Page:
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    This is an experiment. It's probably going to turn out looking horrible, but that's okay with me... because I'm straying into something different. At least for me. I've started with one of the four island shapes we were given to work with. I chose the boxy one. I'm using Mike Schley's ink, at least to start off with, because I wanted the blank slate of the black and white. But I'm not staying with the black and white...
    • CommentAuthorLoopysue
    • CommentTimeNov 2nd 2017
    Interesting Idea - looking forward to seeing it develop :)
    • CommentAuthorScottA
    • CommentTimeNov 2nd 2017
    Looks good so far.
    Well, I've added a bit of color, and since I didn't have any tinted hills, I decided to use the varicolor hills from Schley. I may change that color, though, it's a little too bold for what I want.
    • CommentAuthorLoopysue
    • CommentTimeNov 4th 2017
    Hi Storm :)

    I would go for a dark 'muddy' yellow more than a mint green, as its more of a natural vegetation colour. The mint green is nice, but its not very natural.

    Most conventional topographical maps use a colour system that echoes (though not very accurately) the colours of the natural world, so that the lower levels are the same kind of yellowish green like natural (uncultivated) grass, the mid levels are a sort of brownish colour like tough grass and bare dirt, and the higher levels are sort of greyish like bare rock. Then of course the highest level is usually white, like snow.

    You might find a colour more like the colour of the deciduous trees you already have there is more harmonious with the rest of the map - a dark yellow green with added transparency.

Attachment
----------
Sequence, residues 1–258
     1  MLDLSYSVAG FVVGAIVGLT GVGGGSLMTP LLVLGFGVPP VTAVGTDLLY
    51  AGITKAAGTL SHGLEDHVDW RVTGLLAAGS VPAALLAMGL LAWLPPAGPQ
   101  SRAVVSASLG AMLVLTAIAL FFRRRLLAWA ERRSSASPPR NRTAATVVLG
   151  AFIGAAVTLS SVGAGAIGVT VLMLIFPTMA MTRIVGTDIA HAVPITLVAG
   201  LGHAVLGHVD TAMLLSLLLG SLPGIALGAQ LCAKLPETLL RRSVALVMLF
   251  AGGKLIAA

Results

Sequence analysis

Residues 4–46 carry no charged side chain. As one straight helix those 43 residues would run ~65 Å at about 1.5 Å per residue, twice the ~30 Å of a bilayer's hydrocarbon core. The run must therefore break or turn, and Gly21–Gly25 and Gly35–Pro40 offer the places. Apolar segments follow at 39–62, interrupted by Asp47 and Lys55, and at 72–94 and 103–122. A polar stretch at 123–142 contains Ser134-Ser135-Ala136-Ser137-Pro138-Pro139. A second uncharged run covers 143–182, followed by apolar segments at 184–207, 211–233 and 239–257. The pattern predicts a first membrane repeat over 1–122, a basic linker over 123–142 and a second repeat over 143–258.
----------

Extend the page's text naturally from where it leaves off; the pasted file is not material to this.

Well, I looked at the progress on this map in the 'light of day' (meaning I was more awake) and decided I didn't like what I was seeing. So I went back and changed most (okay, pretty much all) of the progress I did last night. I'm still not sure that I have it right, because all of my colors are supposed to be 'pastel', or barely there shades. What I'm actually looking for are color tints... not actual colors. I'm getting closer, but still not completely there.

    I also cut back on the hills for this island. I decided that what I had was way too much, and I may cut back more as I progress. But here are the changes so far:
    and I just realized I forgot to sort my symbols. So I will get that fixed!
    • CommentAuthorLoopysue
    • CommentTimeNov 4th 2017
    Pastel colours are very grey, in actual fact. Take it from someone who uses them. Most virtual colours are waaaaaaaay to bright to accurately represent real world art materials, so you have to grey everything down quite a lot, not just add white, which is different.

    You said something over at the Guild that triggered an experiment I'm still working on - something about originally wanting to be able to turn the white parts of the symbols coloured.

    Its not that difficult. This is how you do it.

    To counteract the acid brightness of the colours in the map fill the background with some kind of light muddy or pale greyish fill. Then Actuall move the Background right to the top of the map over all the symbol layers (except perhaps the trees which are already coloured and don't need any more), and add a single sheet effect to the background sheet - a Blend Mode effect, set to multiply - leaving the opacity at 100%. This will let the black lines of the symbols show through, but not the white, and so will colour all the symbols as if they have been drawn straight onto the background.

    Then, if you want to add shades of green, brown, grey, or whatever colour you want on top of that to indicate topography just add a sheet for each colour, and set each of them up with another blend mode effect, but this time set to overlay.

    I'm working on a very small example to show you what I mean.